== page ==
Swiss luxury watch and jewelry brand Chopard announced Wednesday that it is opening an online flagship store on JD.com, China’s second largest e-commerce platform.
The opening comes a few days before Chinese Valentine’s Day “Qixi,” thus featuring a Qixi theme. In addition to its classic Happy Diamonds, Happy Sports and Mille Miglia series, Chopard also offers a Happy Ocean series and a new style of Happy Hearts bracelet in red. Both are limited editions only for sale on JD.
This is the first time the 157-year-old luxury company has opened an online channel in China. It’s official Chinese site only displays, but does not sell, products. JD has 258 million active customers. So joining JD will allow Chopard to reach a much larger audience.
But while a big move for Chopard, at this moment, it seems like an even more meaningful for JD, which has been aggressively tapping into the online luxury retail market and challenging the top player Alibaba over the past year. The e-commerce giant sees Chopard’s choice as a vote of confidence.
The fact that Chopard has chosen JD serves as recognition of JD’s industry-leading services both online and offline, said Ding Xia, president of JD Fashion, to Chinese fashion media Ladymax.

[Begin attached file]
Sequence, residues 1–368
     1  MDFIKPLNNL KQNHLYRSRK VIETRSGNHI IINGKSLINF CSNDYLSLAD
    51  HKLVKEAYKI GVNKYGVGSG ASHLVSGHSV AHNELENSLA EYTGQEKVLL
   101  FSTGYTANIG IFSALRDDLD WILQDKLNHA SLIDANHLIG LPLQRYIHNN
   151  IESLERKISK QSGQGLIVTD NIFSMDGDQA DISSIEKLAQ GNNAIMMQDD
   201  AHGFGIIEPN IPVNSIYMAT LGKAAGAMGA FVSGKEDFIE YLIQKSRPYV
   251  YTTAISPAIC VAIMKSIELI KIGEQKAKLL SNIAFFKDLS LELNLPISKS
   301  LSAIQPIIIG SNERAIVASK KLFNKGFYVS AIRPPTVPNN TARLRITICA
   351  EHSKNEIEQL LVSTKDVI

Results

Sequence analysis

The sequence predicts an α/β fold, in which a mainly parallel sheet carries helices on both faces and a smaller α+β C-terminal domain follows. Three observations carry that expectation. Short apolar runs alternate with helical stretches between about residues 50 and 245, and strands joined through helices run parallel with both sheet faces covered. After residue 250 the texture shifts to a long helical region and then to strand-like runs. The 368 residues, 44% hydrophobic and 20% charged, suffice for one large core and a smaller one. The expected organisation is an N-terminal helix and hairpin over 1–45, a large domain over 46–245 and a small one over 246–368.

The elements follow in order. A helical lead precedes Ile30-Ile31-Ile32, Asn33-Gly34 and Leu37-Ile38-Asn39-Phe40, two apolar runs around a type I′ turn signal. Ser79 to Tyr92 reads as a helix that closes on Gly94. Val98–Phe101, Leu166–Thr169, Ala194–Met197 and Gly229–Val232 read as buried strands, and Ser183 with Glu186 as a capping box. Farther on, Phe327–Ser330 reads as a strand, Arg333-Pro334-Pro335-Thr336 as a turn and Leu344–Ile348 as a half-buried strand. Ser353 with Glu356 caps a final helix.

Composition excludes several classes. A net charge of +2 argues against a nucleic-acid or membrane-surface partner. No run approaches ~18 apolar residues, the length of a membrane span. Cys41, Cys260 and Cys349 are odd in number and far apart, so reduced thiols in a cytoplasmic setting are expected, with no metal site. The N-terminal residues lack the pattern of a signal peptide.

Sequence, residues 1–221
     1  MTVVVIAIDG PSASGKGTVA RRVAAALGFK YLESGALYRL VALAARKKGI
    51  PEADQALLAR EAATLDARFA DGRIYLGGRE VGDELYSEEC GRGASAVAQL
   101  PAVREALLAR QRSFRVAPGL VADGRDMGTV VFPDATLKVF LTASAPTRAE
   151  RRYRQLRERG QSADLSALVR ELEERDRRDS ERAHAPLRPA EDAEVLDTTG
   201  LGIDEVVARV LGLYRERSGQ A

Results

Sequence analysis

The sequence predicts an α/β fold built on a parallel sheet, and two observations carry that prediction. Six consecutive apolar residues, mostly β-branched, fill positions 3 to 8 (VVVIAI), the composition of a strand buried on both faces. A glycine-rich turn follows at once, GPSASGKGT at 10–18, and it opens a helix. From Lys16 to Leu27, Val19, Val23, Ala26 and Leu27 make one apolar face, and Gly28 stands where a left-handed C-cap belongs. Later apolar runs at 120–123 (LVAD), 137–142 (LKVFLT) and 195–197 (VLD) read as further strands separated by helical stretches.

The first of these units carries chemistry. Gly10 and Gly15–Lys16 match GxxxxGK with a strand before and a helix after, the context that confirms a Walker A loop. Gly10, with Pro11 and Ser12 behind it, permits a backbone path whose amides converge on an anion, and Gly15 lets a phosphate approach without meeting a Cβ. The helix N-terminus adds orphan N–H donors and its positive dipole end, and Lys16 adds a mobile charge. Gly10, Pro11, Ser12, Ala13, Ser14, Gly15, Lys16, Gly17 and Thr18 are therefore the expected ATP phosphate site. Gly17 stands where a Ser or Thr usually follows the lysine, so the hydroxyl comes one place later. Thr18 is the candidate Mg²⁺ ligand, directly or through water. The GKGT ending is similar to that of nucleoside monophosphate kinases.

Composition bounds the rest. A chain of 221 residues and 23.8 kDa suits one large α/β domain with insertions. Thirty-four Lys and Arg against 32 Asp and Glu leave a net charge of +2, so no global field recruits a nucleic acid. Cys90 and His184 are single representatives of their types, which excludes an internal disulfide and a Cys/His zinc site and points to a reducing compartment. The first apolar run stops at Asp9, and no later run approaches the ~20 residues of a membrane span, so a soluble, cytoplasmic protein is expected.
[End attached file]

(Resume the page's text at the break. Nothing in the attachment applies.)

For all Chopard orders, JD will deploy a relatively new service called JD Luxury Express, which offers delivery within 24 hours by well-trained and well-dressed couriers who arrive at their destinations in luxury cars.
While rival Alibaba has always had a strong presence in online fashion retailing, JD, which started off selling electronics and home appliances, is a latecomer to online luxury retail. But its strong self-operated logistics system is advantageous in attracting luxury brands. It’s also relatively more trusted, unlike Alibaba, which has been dogged by counterfeit issues.
A series of actions in the past year have demonstrated JD’s ambitions: before Chopard, a number of luxury brands joined JD, including Gucci, Vivienne Westwood and Zenith. In June, it invested $397 million in the British online luxury retailer Farfetch, the equivalent to half of its net profits in the first quarter this year.
After the release of JD’s second quarter report on Monday, founder and CEO Richard Liu hinted that JD will soon open an exclusive luxury platform, competing with Alibaba’s “Luxury Pavilion” for China’s “high-end consumers.”
JD’s second quarter report suggested it might be on the right track. It posted 44 percent revenue growth, higher than analysts’ expectations. It was also the fifth consecutive quarter that the company was profitable.
Liu attributed the success to significant consumption growth from female consumers, who usually buy products with higher gross margins. Analysts estimated that for JD’s traditional strong segments, the average gross margin is about five percent, while for clothes and fashion brands, gross margin would be much higher, in the double digits.
Alibaba will surely not wait for the market to be taken. It has also been moving quickly to snag luxury brands to its Tmall platform and its new exclusive site “Luxury Pavilion.” It also keeps demonstrating the determination to eliminate counterfeits by deploying new online tools and forming alliances with luxury brands.
With Alibaba fiercely defending its advantages and JD moving aggressively into the fashion and luxury realm, more intense competition is destined to come.